6.23.2012

1909 T206
Stoney McGlynn

I learned something new today.

In 1991, Major League Baseball changed its definition of a no-hitter. Since 1991, a no-hitter must be at least nine innings.

That wasn't the case prior to the new edict. Pitchers were one credited with no-nos if they lost a game as a member of the visiting team where the home team didn't bat in the ninth inning; and if a game was shortened due to weather or darkness.

Manny no-hitters were erased from the record books. Include one from Stoney McGlynn.

On Sept. 24, 1906, McGlynn tossed a 7-inning no-hitter against Brooklyn. The game ended in a 1-1 tie after darkness.

Another interesting fact: On June 3, 1907, McGlynn pitched both games of a doubleheader, winning the first game but losing the second.

Oh the things you learn when buying poor old baseball cards.

6.21.2012

1961 Fleer
Babe Ruth

I've posted this card before. Not this exact card but the same player, year and issue. You can find it here.

Most collectors try and replace their cards with better examples. But here at Poor Old Baseball Cards, I replace my cards with the lowest conditioned card I can find. And when it comes to this 1961 Fleer Babe Ruth, I've found a better (worse) card.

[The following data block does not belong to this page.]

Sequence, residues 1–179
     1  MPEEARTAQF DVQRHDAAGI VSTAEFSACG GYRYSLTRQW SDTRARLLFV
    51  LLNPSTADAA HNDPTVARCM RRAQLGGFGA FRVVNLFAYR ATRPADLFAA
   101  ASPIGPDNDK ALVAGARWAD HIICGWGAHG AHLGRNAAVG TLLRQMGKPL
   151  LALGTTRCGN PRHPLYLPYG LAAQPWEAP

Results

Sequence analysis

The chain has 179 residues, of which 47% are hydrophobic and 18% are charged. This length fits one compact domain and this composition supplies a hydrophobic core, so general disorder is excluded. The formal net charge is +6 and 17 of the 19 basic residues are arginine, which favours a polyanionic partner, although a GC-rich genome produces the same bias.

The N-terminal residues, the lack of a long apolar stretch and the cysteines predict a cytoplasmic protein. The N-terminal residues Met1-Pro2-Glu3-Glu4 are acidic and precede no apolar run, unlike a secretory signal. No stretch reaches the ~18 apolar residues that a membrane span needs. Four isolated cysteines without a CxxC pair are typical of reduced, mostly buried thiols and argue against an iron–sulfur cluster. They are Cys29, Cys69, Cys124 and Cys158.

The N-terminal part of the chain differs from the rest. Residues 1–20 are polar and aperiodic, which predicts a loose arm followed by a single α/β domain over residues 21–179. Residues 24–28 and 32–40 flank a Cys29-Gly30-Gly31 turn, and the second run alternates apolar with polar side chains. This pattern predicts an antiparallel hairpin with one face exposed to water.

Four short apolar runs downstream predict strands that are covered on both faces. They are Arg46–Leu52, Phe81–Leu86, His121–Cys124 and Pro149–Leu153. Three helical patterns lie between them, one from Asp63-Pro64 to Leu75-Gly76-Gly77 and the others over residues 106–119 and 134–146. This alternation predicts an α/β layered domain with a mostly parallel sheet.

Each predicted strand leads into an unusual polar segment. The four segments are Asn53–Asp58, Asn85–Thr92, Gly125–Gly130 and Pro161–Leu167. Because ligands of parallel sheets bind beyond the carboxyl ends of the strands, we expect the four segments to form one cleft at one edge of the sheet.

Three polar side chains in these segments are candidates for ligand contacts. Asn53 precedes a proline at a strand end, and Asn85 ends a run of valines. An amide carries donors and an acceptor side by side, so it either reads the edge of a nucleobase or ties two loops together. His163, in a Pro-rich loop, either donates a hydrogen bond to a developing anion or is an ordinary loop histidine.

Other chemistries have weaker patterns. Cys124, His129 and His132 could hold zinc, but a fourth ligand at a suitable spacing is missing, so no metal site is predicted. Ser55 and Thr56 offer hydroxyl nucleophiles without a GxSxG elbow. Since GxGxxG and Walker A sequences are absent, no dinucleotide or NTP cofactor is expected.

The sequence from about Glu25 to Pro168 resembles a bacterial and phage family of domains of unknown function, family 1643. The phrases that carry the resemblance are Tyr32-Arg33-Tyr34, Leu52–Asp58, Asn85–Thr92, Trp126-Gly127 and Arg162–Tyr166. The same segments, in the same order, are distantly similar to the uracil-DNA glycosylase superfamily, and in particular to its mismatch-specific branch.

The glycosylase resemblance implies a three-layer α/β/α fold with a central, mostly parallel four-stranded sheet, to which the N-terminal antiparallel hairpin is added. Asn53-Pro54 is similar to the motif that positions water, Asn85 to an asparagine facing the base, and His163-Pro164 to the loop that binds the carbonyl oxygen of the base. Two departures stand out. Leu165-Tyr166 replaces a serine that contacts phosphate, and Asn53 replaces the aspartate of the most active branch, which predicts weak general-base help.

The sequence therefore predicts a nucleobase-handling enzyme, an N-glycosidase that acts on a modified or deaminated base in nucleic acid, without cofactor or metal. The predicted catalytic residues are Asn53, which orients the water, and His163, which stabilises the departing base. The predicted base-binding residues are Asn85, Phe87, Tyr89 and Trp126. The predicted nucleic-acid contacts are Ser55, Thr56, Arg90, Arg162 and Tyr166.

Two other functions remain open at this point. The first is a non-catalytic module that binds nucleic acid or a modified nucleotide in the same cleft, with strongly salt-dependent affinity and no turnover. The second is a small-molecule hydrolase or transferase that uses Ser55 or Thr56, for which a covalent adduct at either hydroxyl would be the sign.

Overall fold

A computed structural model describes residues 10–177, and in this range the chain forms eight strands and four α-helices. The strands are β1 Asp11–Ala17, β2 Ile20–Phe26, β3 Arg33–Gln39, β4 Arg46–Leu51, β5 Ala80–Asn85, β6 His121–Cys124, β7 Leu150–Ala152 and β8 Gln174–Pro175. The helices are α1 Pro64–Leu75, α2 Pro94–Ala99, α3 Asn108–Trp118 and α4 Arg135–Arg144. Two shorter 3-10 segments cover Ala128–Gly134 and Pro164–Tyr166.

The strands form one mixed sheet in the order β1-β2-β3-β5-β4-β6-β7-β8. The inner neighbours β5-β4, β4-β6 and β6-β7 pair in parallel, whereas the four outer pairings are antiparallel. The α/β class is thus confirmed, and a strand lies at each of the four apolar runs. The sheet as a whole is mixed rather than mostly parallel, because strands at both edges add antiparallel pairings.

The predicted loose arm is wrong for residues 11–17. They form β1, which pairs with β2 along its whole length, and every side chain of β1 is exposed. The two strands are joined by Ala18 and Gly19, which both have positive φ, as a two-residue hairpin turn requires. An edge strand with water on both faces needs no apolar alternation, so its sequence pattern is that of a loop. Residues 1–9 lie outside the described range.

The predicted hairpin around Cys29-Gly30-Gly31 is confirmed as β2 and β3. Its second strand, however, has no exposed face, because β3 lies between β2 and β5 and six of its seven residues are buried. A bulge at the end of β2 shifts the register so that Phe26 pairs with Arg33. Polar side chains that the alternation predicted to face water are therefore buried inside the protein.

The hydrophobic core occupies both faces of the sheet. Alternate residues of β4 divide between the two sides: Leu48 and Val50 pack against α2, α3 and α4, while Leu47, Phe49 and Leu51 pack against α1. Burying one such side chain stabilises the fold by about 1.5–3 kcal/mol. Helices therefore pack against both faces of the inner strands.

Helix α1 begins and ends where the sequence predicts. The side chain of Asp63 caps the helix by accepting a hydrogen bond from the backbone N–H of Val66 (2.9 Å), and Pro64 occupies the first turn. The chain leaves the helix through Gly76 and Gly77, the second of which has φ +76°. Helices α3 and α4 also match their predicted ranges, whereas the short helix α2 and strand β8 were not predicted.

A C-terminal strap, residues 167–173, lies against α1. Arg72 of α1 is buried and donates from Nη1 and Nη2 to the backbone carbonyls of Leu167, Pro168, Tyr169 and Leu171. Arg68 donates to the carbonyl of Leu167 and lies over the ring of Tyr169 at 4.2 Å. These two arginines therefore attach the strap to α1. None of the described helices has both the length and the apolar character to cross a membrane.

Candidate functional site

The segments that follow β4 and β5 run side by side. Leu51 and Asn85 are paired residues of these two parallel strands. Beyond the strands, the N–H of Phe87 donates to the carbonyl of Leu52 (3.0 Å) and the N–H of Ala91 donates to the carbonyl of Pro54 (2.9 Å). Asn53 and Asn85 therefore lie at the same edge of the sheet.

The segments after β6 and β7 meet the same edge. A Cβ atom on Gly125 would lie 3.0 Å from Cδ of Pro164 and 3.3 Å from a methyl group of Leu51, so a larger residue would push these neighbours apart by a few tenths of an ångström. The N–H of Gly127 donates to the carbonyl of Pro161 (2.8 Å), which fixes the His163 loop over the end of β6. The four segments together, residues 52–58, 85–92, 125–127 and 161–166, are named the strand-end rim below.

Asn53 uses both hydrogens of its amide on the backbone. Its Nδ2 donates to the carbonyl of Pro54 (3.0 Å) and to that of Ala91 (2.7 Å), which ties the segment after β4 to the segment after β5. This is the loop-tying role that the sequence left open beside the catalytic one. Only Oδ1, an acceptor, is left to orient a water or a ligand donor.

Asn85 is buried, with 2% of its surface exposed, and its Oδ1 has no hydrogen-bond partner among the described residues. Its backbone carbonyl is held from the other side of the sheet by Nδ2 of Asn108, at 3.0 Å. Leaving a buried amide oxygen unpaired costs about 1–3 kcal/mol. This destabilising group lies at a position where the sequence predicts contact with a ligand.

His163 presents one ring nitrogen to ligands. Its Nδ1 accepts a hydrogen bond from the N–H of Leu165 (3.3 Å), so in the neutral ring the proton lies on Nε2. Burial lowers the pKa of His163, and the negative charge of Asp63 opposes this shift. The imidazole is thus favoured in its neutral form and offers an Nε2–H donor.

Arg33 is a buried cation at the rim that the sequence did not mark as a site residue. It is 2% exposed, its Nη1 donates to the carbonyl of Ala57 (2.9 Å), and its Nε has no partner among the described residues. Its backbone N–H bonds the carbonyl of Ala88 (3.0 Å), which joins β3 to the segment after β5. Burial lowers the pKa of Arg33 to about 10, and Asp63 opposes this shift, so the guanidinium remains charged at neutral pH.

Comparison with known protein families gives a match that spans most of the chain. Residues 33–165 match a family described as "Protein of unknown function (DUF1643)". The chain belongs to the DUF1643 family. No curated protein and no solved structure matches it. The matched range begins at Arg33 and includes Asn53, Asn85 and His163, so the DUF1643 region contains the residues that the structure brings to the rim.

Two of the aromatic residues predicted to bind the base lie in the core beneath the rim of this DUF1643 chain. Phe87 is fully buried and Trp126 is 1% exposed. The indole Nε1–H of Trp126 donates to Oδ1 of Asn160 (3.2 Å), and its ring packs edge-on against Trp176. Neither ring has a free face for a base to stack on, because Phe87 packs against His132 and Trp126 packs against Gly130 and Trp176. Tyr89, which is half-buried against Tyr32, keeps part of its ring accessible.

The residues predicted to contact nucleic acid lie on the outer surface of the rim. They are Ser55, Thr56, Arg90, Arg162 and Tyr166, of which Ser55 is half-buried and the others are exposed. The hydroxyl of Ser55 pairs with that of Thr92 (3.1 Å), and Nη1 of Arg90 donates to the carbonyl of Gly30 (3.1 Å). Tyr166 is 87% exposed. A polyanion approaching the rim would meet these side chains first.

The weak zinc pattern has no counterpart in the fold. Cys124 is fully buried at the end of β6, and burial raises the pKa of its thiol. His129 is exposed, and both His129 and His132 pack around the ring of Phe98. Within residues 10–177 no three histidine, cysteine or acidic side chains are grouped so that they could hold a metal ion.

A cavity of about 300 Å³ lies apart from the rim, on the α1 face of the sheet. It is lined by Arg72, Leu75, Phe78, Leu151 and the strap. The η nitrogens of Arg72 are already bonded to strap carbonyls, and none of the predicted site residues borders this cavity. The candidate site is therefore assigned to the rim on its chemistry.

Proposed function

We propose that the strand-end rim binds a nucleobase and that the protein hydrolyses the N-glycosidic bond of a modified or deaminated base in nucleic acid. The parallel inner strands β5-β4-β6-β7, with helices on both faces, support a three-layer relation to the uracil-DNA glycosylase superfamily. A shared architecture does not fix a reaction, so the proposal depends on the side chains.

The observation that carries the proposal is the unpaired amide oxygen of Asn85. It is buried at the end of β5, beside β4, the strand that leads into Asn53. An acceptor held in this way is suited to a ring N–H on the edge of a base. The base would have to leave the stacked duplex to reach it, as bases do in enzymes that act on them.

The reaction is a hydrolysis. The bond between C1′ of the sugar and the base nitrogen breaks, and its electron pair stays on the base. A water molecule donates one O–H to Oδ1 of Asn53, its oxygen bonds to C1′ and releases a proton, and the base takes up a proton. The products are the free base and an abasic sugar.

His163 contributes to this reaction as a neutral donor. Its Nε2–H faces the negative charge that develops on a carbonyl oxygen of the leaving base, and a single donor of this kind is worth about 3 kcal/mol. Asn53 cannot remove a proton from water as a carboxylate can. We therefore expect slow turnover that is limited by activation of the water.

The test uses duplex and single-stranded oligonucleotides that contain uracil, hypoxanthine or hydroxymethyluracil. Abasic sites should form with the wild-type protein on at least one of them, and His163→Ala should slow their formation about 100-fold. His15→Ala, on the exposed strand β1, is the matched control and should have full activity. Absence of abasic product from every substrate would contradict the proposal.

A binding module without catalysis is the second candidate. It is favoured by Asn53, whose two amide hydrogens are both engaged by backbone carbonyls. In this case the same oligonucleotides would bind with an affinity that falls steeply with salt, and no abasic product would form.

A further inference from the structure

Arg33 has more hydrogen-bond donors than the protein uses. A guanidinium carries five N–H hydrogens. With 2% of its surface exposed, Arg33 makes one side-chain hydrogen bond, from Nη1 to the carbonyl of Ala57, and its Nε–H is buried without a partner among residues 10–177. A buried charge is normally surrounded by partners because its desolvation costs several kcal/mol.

At some point, this card was literally ripped in half. And it still would be in two pieces if it weren't for that strip of tape holding it together.

This 1961 set has been gaining ground in my book for a while. It's not the oldest set and it's not all that common, but what I like most is that the cards in the set are relatively affordable. Even Babe Ruth. I just picked this one up off eBay a few weeks ago for under $10.

Some may ask: Why would anyone pay $10 for a baseball card that has been ripped in two?

My answer is simple: Babe Ruth.

And in the world of vintage poor old baseball cards, that's a valid argument. Don't you think?

6.19.2012

1909 T206
Harry Pattee

From what I can tell, there are six cards in the T206 set that feature horizontal poses: Joe Birmingham, George Mullin, Danny Murphy, Barney Pelty, Jack Powell and Harry Pattee. 

I've been collecting T206s for a while now, I'd guess 25-plus years. I recall buying my first - Eddie Collins - at a local baseball card shop at a time when baseball card shops were like Starbucks, one on practically every corner.

I remember studying the players, famous or not: Ty Cobb, Rube Marquard, Red Ames, Admiral Schlei, Walter Johnson and John Titus (one of my favorites since he wore a moustache).

But I don't recall Harry Pattee. After looking him up, I realized he only played one season and only 80 games. A member of the Brooklyn Superbas. He had 76 hits, nine RBI and hit for a .216 average.

This particular card has seen better days. It appears it spent a good portion if its life in a scrapbook. Nonetheless a great poor old baseball card.